Lastly, what the hell do we expect when our entire movement is funded by the very same interests that are intent on destroying us? We need to stop defending and finding excuses for those selling us out and start defending our children from a future being shaped and moulded by the global oligarchy. We can’t have it both ways.

“So, I want just to say join hands with those of us who really want a real change, because I’m confident it will come. And it will come, let me say this, whether you do or don’t. But let it not be the case that western civil society sided with the powers that be in the West. Thank you. [Thundering Applause]” Lumumba Di-Aping

In the volumes of information that will be left on our finite planet when all traces of life have, for the most part, disappeared, the film footage of Ambassador Lumumba Stanislaus-Kaw Di-Aping of the G77 will serve as a testament to who was responsible for criminal negligence, crimes against humanity, and finally, lastly, a global genocide destroying most all life: the non-profit industrial complex.

 

 

[Cory Morningstar is an independent investigative journalist, writer and environmental activist, focusing on global ecological collapse and political analysis of the non-profit industrial complex. She resides in Canada. Her recent writings can be found on Wrong Kind of Green, The Art of Annihilation, Political Context, Counterpunch, Canadians for Action on Climate Change and Countercurrents.]

 

Notes:

Briefing to Civil Society NGOs by Ambassador Lumumba Stanislaus Di-Aping. December 11th, 2009.

Full transcript:

Thank you for, I suppose, inviting me to address you this afternoon. As you know, the last few days since the beginning of this conference we have witnessed many events. I’m going to go very quickly through what I do consider to be the most critical aspects for a successful outcome in this conference. And this is of particular importance to us. We do believe that civil society and the parliament have a very critical role for our success. Without you the executive branches can get away with anything.

Now, what do we really believe are the critical success factors that we have to unite behind, because these are not simply negotiable for us as developing countries.

The first fundamental that we have to agree on at 5(4) is the issue of the 1.5 degree Celsius and the 350 ppm. And the centrality of this is because a deal that cannot save God, humanity and nature is not a deal that we should entertain in the first place. Those who articulated a perspective and tried to persuade us that the 2 degrees Celsius is a sound choice have made a trade off between life, humanity, and profit-seeking pursuits. It has no base in science. The very reports that they try to persuade us that they are based on, do not support their case. The IPCC AR4 [4th Assessment Report] says that two degrees Celsius will result in Africa warming up to 3.5[C] and the small islands states equally being threatened by the sea level rise. I will say this and I will say it with absolute conviction. Two degrees Celsius is certain death for Africa, is certain devastation of island states.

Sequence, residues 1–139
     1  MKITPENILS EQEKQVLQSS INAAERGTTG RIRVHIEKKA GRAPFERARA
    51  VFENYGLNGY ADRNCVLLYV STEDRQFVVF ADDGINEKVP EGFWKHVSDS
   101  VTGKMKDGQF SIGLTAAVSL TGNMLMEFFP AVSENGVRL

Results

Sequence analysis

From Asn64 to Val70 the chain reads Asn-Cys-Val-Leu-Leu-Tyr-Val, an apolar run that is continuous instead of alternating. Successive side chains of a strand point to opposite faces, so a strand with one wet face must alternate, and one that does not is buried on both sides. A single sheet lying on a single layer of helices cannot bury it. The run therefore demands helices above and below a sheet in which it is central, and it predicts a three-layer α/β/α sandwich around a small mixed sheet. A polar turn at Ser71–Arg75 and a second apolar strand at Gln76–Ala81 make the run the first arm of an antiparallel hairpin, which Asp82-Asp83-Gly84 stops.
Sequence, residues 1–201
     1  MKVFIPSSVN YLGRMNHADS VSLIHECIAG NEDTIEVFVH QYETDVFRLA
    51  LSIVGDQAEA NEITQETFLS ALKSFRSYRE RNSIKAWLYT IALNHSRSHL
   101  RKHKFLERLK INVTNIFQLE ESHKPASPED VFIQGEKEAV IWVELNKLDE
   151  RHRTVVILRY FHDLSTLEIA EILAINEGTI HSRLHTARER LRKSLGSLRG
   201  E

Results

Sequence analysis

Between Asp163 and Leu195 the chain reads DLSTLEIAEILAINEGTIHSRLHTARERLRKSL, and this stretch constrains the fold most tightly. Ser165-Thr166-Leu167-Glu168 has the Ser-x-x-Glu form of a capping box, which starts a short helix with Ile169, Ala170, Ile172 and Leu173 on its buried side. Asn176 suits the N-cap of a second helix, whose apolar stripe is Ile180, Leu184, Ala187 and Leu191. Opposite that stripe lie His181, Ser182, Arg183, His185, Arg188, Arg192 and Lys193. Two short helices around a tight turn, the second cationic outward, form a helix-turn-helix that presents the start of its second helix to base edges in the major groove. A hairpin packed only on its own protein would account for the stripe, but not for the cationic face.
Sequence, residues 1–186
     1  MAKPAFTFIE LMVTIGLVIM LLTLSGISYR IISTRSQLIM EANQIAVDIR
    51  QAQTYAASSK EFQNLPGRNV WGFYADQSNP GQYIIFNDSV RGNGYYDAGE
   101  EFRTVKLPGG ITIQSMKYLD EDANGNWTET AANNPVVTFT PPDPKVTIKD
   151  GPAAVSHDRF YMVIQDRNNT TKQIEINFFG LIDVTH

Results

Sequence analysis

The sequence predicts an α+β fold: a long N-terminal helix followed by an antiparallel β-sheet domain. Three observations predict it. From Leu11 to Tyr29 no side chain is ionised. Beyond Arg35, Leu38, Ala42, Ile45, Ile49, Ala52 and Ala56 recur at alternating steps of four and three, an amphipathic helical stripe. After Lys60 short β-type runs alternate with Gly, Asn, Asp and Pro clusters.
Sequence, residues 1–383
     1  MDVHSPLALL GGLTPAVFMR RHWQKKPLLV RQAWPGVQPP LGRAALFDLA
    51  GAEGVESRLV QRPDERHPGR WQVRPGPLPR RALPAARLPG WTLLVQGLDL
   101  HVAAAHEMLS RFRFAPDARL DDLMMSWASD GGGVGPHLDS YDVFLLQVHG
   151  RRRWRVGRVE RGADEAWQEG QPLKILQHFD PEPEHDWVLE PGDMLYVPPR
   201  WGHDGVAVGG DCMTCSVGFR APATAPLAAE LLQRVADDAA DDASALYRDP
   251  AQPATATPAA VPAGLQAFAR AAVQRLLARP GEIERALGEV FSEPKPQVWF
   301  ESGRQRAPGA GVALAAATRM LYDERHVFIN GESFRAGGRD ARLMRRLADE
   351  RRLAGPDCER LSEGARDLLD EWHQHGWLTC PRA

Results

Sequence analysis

The policy decision maker, the scientists who try to do that, is definitely not only ill-advising others, he is ill-advising himself. So that’s one fundamental, if not the starting proposition for beginning sound negotiations and discussions.

The second issue is the issue of reductions of emissions. There must be radical reductions of emissions starting from now. In our view, by 2017 we should cut, developed countries must cut by 52%, 65% by 2020, 80% by 2030, well above 100 [percent] by 2050. And this is very important because the more you defer action the more you condemn millions of people to immeasurable suffering.

So the idea that you start from 4% today and you achieve 80 or 50 in 2050 simply means that you do not care about the lives of those who will be devastated in this period, until you pick up the pace. And this is one of the reasons we have asked the American administration, the American people, President Obama to join the effort and to join Kyoto Protocol.

We must defend Kyoto Protocol. And those who think that not defending Kyoto Protocol is the way forward are totally misguided because if you eliminate the balance of obligations between developed and developing countries — and I will say this to our colleagues from Western civil society — you have definitely sided with a small group of industrialists and their representatives and your representative branches. Nothing more than that. You have become an instrument of your governments. Whatever you say, whether you think it’s because it’s tactically shrewd or not, it’s an error that you should not continue to make.

Having said that, we do believe equally that a very significant, substantial financial package, both for short term and long term, is necessary. How do we define that? Simple. We must avail, or developed countries must avail in the next 5 years, fast track financing. That fast track financing is the equivalent of 1% of the GNP of developed countries. It’s around 400 to 500 billion dollars depending on where … what happens to their economies. Of this, 150 billion dollars can be issued with immediate effect because, as we speak today, the IMF is sitting over 283 billion dollars’ worth of SDR’s [Special Drawing Rights or supplementary foreign exchange reserve assets defined and maintained by the International Monetary Fund] that are not allocated. Simply sitting doing absolutely nothing, when we face a threat.